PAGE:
There are a few different pastels at work here (including peach and yellow), but the pale blues in the logo are the most prominent, and the most attention-grabbing.
The different shades of pale blues and grays come together for a soothing palette that would be right at home in any baby’s nursery.
Pastel blue is paired with brighter pops of gold, yellow, and white in Cuppa Cake Tea’s Blueberry Bundt packaging design, which creates an upbeat, cheerful palette that jumps off the shelves.
One key way to mix pastels? Pair a softer shade with a more vibrant one. The powder blue in SunnyA’s logo design, which is more saturated than the rest of the palette, makes the softer yellow font pop.
You won’t be singing the blues—or, in this case, the pastel blues—with these Canva templates: Pastel Blue with Greyscale Photo Gay Valentine's Card, Blue Babysitting Business Card, Blue Vintage Brand Logo, Pastel Blue Photo Grid Spring Break Sale Facebook Post, and Pastel Blue Vintage Travel Magazine
The depth in Herbivore Botanicals Amethyst Exfoliation Body Polish’s main product photo comes from the varying shades of purples, which range from the palest pastel to a deeper, more saturated hue, and a few shades in between.
Usually, pairing pastel blue and pink feels tired, but because the hue in cute and mini’s logo design is more lavender than traditional blue, it feels more fresh and modern.
Darker, dustier pastels, like the purple used in Esthetics by Heather’s logo design, are a great way to embrace pastels.
While the overall look of this illustration says purple, it’s actually the perfect blending of multiple pastels, including pinks, yellows, and mints.
Lavender is known to calm and soothe, making it a favorite in the beauty industry—like this Lace Your Face mask from high-end skincare line DERMOVIA, which uses various shades of pastel purples to communicate the calming experience of using their product.
Want to add a touch of pastel purple to your next design project? Get your purple on with these Canva templates: Lavender Circles Wedding Logo, Purple Landscape Instagram Post, Purple Bordered Tea Party Facebook Event Cover Photo, and Purple Brushes Carwash Flyer.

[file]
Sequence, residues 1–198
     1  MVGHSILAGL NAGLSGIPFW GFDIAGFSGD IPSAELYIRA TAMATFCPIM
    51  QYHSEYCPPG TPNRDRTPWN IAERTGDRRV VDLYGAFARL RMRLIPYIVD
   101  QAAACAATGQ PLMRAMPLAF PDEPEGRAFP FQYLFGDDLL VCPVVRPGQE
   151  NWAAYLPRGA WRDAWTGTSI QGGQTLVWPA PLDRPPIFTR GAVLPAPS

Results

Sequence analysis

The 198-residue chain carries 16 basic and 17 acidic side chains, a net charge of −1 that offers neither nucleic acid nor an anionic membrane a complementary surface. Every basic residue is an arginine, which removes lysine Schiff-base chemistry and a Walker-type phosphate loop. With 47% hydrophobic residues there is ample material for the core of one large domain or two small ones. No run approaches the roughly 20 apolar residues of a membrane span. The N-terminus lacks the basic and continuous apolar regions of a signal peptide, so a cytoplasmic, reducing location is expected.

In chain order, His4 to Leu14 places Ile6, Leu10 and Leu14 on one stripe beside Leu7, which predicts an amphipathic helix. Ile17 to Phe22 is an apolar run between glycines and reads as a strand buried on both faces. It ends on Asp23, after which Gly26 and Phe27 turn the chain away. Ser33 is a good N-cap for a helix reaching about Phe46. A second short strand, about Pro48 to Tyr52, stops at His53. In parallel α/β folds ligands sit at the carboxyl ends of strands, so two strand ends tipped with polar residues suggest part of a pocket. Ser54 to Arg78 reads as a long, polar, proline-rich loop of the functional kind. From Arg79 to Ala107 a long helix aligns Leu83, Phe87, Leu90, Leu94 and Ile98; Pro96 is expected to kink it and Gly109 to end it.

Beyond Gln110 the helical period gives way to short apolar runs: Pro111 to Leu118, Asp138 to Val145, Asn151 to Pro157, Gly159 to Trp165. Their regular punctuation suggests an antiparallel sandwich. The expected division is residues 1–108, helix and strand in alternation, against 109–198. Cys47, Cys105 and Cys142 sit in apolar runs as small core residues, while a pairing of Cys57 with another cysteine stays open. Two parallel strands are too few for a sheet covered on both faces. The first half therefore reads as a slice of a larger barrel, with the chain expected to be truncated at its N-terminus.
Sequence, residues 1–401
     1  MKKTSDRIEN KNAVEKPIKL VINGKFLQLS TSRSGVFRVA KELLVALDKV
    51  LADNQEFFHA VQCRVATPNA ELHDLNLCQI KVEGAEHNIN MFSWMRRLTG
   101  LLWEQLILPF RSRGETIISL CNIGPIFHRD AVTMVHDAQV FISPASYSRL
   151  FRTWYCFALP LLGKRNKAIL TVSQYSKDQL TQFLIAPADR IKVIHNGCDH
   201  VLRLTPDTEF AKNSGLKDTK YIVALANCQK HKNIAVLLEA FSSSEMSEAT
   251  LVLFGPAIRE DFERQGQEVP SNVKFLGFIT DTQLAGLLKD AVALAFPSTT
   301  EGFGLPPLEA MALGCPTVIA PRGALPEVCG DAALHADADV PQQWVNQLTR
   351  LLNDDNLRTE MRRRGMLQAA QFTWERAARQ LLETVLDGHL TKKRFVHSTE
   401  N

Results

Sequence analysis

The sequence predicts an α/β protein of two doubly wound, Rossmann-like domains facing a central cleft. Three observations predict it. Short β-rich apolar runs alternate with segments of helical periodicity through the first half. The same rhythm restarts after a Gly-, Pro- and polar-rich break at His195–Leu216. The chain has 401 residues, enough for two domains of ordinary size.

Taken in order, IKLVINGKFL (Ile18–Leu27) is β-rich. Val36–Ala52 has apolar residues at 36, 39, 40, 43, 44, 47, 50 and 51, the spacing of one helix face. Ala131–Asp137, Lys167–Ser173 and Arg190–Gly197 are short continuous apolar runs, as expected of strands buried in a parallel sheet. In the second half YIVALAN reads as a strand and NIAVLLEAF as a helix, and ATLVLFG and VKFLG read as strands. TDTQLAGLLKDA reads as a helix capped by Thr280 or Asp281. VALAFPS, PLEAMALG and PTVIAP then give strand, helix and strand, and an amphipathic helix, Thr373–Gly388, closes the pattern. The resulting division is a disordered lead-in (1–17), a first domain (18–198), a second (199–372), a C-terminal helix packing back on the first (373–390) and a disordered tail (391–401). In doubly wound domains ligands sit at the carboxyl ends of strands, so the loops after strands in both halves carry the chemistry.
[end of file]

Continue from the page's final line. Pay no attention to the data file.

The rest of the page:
The pale peach of Nora’s ice cream packaging pops against the brighter orange background of this product photo, proving once again that pairing a pastel and a more saturated shade is a great way to add visual interest to a simple color palette.
This branding design embraces just about every peach you can imagine—and with a business name like “peach of cake,” it makes sense. While too many pastels can sometimes feel overwhelming, there’s enough variation in the peach shades to create contrast and add visual interest.
Pairing peach with gold, like in this logo design, creates a sophisticated, feminine look that would work for any female-targeted business.
Pairing peach with darker pastels—like the dark mint and the brighter coral color in this illustration—makes for an unexpected color combination. If you’re looking to use pastels in an out-of-the-box way, this is a great way to do it.
When paired with white, black, and olive green, the pastel peach that’s the cornerstone of Beekman Goat Milk Soap’s color palette has a grown-up feel that feels sophisticated and modern—which is what happens when you balance pastels with more neutral shades.
Yellow can be an overwhelming color. But when you take a pale hue and pair it with a palette of neutrals (like in this Honeymoon Mead logo), it feels more understated than overwhelming.
Pastel yellow, coral, and navy aren’t necessarily colors you’d think to put together, but, as this logo design proves, they actually create a subtle (but impactful) color palette.
Soft yellow can work great as a background color. Make sure to pair with brighter pops of color (like the green in this design) to keep things interesting.
Sometimes, simple is best. This logo design uses a gorgeous shade of pastel yellow—and wisely lets the pastel take center stage, using subtle neutrals (like gray and white) to round out the palette.
Because staring at a computer screen is already a strain on the eyes, many consumers don’t want to see overly bright, saturated colors on websites, which makes pastels a great alternative. This web design uses pastel yellow as a background. This is not only easy on the eyes, but makes the darker product packaging pop on screen.
Love the look of pastels and want to incorporate them into your own designs? Here are a few tips to help get you started: